Ocean 11 is a 2001 American chef-d’oeuvre film that borrows heavily from its 1960 version. George Clooney acts as the protagonist of the movie, Danny Ocean. He is a serial criminal, and he violates his parole barely a day after his release and heads to Los Angeles, where he hatches a robbery plan in conjunction with his godfather in crime, Rusty Ryan. Danny Ocean is both a master at what he does, but he is also eccentric. This paper explores Danny’s character through how he looks, what he says, and what he does to prove that he is both an expert in his field and eccentric.
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The film’s producer Jerry Weintraub once noted, “The reason George Clooney is perfect as Danny Ocean is that George is a born leader…He’s a wonderful actor, and he helped keep the sense of fun during filming ‘ even after we wrapped for the day”(TNT par.2). This observation fits well in the description of Danny Ocean. He comes out as a natural leader in what he does, which blends perfectly with his role in the movie as the protagonist, for he is supposed to determine what happens in the movie. After breaking his parole, he heads to Las Vegas via Los Angeles, where he comes up with a plan to rob three casinos. A leader does exactly that, as he takes charge, hatches plans, and implements them.
The movie depends entirely on what Danny does and how he does it. After getting to Las Vegas, as a leader, Danny acknowledges teamwork, and so he decides to come up with a team to execute his plans. He also appreciates the role of specialization, and so he picks eight team members, all talented and experienced in different areas. He picks a pickpocket, a casino worker, mechanics, surveillance expert, explosives professional, a con man, and an acrobat. A leader sees the end from the beginning (Covey, Merrill, and Jones 75,) and Danny does that by envisioning all the needed executions and putting together a team to accomplish the same.
In addition, Danny speaks as a leader. After putting his team together, he addresses them professionally by laying down the facts of the mission ahead of them. He notes that the mission is risky, but rewarding, after which he gives everyone an opportunity to leave is he does not think that the risk is worth taking. He posits, “What I’m about to propose to you is both highly lucrative and highly dangerous…and safe journey, no hard feelings. Otherwise, come with me” (Ocean 11). A leader does not sugarcoat information in a bid to lure team members into undertaking a given mission. A true leader lays down all the facts and lets individual team members decide on whether to take part or not, and Danny knows that extremely well.
A leader takes charge and leads by example. On the day of executing the robbery, Danny makes a sacrifice by exposing himself to Benedict at the casino. Danny knows that he is on parole, and his exposure will lead to automatic apprehension. However, he knows that someone has to pay the price, and he does not delegate that duty to anyone else. Moreover, a leader is proactive, and he knows how to use misgivings as opportunities. After being arrested, Danny does not resort to self-pity, but he sees it as part of the plan. He uses his friendship with Bruiser to negotiate his way out to meet his team. In addition, a leader keeps his word, and Danny does that after promising Bruiser that he would be back to the holding. After meeting his team at the vault, he comes back, and in the closing stages of the movie, Benedict returns to the holding room where he finds Danny intact.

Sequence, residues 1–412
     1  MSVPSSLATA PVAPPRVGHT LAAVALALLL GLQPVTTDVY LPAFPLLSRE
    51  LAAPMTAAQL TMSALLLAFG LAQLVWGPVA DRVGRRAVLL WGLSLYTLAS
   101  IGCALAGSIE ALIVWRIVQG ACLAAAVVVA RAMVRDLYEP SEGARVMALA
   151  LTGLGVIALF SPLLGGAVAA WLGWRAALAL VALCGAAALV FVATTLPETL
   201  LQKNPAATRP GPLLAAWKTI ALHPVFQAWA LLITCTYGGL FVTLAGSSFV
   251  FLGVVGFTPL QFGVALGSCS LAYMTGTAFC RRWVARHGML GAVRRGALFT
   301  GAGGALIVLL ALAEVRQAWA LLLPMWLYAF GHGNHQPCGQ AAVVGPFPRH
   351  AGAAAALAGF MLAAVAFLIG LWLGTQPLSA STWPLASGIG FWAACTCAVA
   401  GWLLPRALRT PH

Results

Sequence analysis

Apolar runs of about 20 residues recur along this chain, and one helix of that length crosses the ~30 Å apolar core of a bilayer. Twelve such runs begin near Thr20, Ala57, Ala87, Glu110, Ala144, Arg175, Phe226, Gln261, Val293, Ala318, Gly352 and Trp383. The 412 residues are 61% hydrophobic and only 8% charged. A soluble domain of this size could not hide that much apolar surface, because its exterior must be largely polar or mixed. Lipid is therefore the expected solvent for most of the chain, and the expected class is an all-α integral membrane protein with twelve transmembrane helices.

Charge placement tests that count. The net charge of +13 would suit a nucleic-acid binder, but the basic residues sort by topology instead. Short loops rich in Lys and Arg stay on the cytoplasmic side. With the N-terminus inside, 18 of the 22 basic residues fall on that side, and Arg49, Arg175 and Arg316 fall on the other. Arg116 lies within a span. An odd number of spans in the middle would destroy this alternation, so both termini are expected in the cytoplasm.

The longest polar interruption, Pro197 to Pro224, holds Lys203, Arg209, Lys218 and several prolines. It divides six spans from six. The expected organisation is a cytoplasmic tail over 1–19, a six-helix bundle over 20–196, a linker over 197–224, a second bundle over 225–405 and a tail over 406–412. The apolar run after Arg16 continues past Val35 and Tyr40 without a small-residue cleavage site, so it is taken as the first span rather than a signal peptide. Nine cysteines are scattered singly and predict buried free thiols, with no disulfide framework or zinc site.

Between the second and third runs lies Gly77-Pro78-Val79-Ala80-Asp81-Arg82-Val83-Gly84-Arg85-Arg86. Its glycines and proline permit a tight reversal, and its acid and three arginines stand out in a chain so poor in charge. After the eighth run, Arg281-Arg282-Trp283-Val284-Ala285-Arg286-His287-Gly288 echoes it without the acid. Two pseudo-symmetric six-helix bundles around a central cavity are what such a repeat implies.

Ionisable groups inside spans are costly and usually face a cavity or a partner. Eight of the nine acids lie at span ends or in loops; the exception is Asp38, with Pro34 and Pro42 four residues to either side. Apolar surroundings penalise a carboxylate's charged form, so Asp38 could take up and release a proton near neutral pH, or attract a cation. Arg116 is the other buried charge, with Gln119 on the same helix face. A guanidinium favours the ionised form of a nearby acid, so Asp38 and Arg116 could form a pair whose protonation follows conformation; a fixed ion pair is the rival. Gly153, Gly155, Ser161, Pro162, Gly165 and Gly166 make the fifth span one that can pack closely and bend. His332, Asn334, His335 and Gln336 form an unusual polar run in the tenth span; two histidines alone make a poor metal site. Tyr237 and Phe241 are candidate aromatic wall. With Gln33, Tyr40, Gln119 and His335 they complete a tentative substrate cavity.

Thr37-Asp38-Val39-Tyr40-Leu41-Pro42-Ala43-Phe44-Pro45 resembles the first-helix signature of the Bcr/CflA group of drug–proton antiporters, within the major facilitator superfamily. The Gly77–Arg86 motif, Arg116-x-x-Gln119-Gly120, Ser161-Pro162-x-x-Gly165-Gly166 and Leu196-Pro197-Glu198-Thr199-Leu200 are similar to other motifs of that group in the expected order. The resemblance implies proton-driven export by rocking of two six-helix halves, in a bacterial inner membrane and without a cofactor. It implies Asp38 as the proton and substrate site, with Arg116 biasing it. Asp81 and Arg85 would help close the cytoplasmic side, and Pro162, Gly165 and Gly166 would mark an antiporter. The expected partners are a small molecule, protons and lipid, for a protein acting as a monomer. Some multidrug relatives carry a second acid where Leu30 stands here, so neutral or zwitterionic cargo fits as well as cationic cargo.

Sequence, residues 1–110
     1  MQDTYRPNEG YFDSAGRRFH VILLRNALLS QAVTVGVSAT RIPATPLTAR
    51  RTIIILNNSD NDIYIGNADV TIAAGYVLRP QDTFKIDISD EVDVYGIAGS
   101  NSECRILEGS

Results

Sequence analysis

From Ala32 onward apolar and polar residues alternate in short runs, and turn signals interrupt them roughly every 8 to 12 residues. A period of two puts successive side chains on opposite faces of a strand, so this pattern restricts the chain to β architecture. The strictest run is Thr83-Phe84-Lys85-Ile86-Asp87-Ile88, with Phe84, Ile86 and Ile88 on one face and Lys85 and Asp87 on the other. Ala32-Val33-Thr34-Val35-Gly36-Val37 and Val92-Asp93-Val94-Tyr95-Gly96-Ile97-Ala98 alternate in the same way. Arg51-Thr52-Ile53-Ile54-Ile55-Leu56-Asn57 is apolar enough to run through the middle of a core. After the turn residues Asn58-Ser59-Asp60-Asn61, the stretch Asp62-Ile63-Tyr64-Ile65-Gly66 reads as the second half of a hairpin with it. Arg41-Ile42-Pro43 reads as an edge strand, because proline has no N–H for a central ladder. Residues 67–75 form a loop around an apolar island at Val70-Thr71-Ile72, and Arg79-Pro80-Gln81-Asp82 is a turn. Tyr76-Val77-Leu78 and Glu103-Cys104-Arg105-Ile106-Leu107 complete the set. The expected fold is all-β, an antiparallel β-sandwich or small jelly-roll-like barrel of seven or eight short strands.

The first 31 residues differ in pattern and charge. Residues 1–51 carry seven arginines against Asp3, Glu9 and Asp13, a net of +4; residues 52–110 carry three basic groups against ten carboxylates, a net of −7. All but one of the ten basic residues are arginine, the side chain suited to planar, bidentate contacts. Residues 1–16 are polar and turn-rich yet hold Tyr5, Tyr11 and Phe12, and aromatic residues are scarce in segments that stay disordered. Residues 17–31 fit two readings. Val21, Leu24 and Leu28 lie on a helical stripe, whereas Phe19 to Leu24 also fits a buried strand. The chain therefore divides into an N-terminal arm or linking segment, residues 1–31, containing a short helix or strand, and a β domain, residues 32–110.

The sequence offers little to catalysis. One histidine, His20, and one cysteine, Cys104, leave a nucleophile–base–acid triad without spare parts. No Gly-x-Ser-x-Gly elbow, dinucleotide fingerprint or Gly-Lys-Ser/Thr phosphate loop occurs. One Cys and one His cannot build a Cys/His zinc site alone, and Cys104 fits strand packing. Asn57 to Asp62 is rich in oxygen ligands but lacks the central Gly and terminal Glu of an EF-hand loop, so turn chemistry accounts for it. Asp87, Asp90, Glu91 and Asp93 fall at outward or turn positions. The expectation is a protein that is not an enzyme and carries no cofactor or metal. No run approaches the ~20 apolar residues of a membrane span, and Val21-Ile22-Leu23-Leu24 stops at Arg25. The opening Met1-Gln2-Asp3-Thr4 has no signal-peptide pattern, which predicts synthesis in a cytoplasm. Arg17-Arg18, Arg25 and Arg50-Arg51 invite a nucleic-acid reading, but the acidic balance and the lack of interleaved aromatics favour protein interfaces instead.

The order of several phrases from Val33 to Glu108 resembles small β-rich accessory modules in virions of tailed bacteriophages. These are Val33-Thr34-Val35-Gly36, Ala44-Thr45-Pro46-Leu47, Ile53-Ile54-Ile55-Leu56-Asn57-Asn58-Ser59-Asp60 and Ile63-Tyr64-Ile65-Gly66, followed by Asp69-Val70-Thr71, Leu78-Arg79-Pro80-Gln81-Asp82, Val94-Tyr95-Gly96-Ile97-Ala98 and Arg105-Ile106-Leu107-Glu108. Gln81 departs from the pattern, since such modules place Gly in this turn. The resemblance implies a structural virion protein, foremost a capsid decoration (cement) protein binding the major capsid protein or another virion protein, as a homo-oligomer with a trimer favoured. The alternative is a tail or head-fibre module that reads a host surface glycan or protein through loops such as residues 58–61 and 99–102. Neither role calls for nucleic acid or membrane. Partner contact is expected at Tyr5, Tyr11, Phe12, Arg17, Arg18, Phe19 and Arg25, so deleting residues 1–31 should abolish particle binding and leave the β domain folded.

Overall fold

However, despite his commendable leadership skills, Danny portrays some level of eccentricity in what he does. A leader should focus on his mission solely, but when Danny realizes that Benedict has stolen his ex-wife, he expands his mission to include revenge. He admits, “I lost someone…That’s why I’m here…The problem is, now we’re stealing two things” (Ocean 11). At this point, Danny becomes unpredictable and thus eccentric. He is prepared to risk the initial mission of robbing the casino and get his revenge and wife back. After Rusty confronts him on what he could choose between the mission and getting his wife back, he retorts, “Remember, Tess does not split ways” (Ocean 11).
In other words, he implies that getting his wife back comes first and if he has to expose the mission in his quest to achieve his newly found agenda, then so be it. This side of Danny contradicts his initial character of a natural leader who knows what to do and when and how to do it. Luckily, the plan goes undisrupted, and Danny achieves the two missions by getting his wife back and having the money from the casino.
In conclusion, in the movie, Ocean 11, Danny Ocean, the protagonist, comes out as a natural leader. This aspect makes him an expert at what he does. In the movie, he is needed to be a leader, and he scores highly on this requirement. He envisions, plans, and executes his plan to rob Bellagio. However, after realizing his ex-wife is now married to Benedict, he changes his priorities and decides to have Tess back, which paints him as an eccentric person.
Covey, Steve, Roger Merrill, and DeWitt Jones. The Nature of Leadership, West Valley City: Franklin Covey, 1998. Print.
Ocean 11. Dir. Steven Soderbergh. Burbank, CA: Warner Bros. 2001. Film.
TNT: Ocean’s Eleven. n.d. Web.